Why Resilience Matters
Have you noticed that there are some people who seem to have hard stuff happen but it rolls off of them? It might be you or some of your friends who can just bounce back when crappy stuff happens. Bouncing back is resilience. Crappy stuff will happen. Resilience is part of the mental muscles you need to be strong enough to get through it and make your own life better.
How You can Build Your Own Resilience
Life throws us curve balls and it is up to us to learn how to deal with them. You can build your ability to handle when life gets hard. Resilience involves three main things:
- Challenge. Think of the hard thing as a challenge, not as a paralyzing event. It is okay to fail at things. It sucks when it’s happening, but that is when we learn the most.
- Commitment. Resilient people are committed to their lives and their goals. Keep committed to yourself and the people who support you.
- Personal Control. Spend time worrying about things you can actually control.
How to Cope When Life Really Sucks
Take Care of You
Surround yourself by friends and people who love you. Get enough sleep! When you feel crappy, your emotions go crazy. Eat healthy. Keep your routine.
Be in Control
Take charge of the situation. If toxic people are texting you or if social media is affecting you, turn it off.
See the Good
Try to remember that crappy things happen to everyone. Look for the positive in the situation. Crappy things are temporary. Instead of thinking something is life ruining, reminding yourself that the hard thing is only temporary can help you bounce back.
How to have a tough conversation with someone you care about
Ways you can cope with stress that actually makes things feel better
Youth Organizations We Love
Teen Talk offers non-judgmental peer-to-peer support for a lots of things like depression, anxiety, STDs and health issues, LGBTQ+, family and friends, school, and sports — all online or by phone.
Teen Talk volunteers complete 32 hours of training prior to supporting their peers. This training provides information about many of the issues facing today’s young people, and better equips them to listen and to help their peers through difficult situations.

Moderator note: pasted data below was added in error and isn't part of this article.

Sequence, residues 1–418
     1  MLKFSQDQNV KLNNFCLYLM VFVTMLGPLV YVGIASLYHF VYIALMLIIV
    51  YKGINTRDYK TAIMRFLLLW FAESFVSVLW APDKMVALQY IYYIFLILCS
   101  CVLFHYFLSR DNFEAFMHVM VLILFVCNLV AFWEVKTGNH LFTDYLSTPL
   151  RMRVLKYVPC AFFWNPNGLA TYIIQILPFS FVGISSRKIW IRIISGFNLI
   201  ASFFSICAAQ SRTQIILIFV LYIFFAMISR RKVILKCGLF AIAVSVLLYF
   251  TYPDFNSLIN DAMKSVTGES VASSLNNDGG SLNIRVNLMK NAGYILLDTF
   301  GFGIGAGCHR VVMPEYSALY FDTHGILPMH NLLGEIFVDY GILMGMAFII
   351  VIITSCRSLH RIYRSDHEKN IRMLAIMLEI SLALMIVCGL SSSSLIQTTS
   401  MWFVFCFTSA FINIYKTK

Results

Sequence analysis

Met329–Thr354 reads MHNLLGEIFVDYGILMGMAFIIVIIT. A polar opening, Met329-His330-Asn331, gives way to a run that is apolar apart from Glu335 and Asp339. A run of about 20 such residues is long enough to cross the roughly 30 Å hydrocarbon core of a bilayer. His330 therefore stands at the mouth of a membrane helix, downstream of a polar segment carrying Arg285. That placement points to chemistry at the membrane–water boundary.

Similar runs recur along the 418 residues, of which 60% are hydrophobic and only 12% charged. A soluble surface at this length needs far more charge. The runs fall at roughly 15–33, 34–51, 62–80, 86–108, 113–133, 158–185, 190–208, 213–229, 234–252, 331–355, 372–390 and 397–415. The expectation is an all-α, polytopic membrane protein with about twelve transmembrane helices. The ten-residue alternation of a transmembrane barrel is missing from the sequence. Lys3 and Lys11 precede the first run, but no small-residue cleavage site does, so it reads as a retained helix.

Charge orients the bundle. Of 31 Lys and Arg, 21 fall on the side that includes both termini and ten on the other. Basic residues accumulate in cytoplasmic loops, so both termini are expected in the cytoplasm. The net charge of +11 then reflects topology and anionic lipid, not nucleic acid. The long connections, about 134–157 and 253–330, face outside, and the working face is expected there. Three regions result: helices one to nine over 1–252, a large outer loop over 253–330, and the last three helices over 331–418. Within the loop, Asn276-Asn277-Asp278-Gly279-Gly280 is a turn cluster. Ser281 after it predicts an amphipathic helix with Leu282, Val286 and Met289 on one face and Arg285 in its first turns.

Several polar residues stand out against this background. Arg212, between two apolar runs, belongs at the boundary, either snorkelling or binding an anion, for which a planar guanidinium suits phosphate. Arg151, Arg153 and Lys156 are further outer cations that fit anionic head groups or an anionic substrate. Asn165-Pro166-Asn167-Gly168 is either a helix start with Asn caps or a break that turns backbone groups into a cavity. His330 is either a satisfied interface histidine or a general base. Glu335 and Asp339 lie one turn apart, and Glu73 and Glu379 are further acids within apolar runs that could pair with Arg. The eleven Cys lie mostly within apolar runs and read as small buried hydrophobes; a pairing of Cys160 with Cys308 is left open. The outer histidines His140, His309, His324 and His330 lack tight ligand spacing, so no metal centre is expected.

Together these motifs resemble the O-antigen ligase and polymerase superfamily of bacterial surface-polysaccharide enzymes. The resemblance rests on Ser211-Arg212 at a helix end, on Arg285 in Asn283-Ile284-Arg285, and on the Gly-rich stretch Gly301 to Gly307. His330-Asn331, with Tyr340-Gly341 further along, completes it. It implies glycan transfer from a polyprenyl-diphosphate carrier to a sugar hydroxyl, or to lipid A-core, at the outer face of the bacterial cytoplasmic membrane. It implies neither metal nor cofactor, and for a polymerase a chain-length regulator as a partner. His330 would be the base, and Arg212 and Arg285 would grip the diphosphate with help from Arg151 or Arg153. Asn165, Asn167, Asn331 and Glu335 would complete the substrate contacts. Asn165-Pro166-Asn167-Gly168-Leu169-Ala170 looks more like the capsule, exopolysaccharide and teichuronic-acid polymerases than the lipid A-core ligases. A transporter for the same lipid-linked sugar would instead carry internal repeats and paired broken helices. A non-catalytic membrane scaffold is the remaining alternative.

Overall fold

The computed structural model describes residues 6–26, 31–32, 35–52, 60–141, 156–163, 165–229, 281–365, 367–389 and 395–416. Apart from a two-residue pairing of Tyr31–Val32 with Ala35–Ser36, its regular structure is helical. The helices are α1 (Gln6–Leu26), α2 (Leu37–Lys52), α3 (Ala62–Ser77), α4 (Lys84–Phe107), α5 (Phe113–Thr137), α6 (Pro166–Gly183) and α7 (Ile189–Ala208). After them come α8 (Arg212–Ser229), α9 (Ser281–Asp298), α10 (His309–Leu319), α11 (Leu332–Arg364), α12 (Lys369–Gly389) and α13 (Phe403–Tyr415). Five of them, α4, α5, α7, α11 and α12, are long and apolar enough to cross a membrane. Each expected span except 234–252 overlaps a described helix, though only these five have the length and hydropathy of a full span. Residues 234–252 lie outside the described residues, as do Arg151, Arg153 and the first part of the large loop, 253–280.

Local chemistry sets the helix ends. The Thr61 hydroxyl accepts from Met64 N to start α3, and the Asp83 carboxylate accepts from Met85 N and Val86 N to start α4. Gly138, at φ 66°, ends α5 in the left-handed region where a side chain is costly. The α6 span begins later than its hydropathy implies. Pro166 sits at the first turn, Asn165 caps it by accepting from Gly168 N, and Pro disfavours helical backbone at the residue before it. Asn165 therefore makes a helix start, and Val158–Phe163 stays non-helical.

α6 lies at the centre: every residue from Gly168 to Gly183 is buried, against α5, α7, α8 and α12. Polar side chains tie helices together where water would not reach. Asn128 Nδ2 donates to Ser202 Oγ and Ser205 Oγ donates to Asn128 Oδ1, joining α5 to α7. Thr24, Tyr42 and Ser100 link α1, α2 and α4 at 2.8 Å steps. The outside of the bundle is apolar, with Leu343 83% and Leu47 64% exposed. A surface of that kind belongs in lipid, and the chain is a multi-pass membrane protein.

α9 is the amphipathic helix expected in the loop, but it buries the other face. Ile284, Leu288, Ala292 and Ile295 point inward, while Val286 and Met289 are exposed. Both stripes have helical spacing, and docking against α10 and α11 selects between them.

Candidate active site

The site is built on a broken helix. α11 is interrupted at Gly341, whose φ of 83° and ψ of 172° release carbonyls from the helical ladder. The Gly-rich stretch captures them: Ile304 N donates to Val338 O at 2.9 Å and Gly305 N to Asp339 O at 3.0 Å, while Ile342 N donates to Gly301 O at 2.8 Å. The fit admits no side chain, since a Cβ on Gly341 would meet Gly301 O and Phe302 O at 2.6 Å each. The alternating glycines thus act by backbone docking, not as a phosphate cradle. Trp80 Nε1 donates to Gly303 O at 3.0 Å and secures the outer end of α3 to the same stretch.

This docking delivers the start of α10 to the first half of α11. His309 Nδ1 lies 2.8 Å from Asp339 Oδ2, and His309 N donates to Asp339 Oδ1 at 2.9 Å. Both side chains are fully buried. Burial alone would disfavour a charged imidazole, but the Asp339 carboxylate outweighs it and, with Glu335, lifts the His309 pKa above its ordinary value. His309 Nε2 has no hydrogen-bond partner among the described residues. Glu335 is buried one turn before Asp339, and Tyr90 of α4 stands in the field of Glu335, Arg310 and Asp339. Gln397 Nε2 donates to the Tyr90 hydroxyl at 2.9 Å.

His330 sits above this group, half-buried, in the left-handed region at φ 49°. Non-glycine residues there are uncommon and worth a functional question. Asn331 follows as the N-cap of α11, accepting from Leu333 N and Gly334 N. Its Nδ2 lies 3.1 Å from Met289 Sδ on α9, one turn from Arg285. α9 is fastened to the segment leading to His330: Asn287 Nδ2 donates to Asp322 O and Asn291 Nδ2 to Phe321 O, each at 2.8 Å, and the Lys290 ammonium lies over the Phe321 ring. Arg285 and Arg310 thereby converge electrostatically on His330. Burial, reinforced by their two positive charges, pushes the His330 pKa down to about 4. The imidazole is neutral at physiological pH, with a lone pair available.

The Youth Now Prevention Initiative and the Weed Can Wait campaign are directed by local youth and run by Clark County’s Prevent Coalition and Clark County Public Health. The campaign is the result of a Department of Health grant funded by Washington State tax dollars from marijuana sales. The coalition brings together a wide circle of community members for the common goal of creating greater health and well-being for everyone. Even those with seemingly opposite opinions about marijuana, like local law enforcement and recreational retailers are coming together to support youth prevention.
STASHA is a non-judgmental group made up of youth ages 12-19. The youth work to prevent substance abuse among their peers and within their community using their own words and in their own way. Their mission is to help prevent substance use and encourage Clark County youth to make healthy decisions through non-judgmental youth-to-youth advice and/or suggestions.
- Promote awareness through outreach and educational programs, while serving as a resource for his/her peers at school and/or one-on-one.
- Advise various community groups on how to best address substance abuse at a community level.
- Support programs and policies that minimize substance abuse and encourage youth to pursue positive behavior changes and participate in a healthier Clark County.
The young people in this program seek to represent the diverse geographic regions and populations of the county. This group is comprised of youth who have never used drugs and alcohol, youth with past experimentation/use, and youth who have completed treatment and are now in recovery.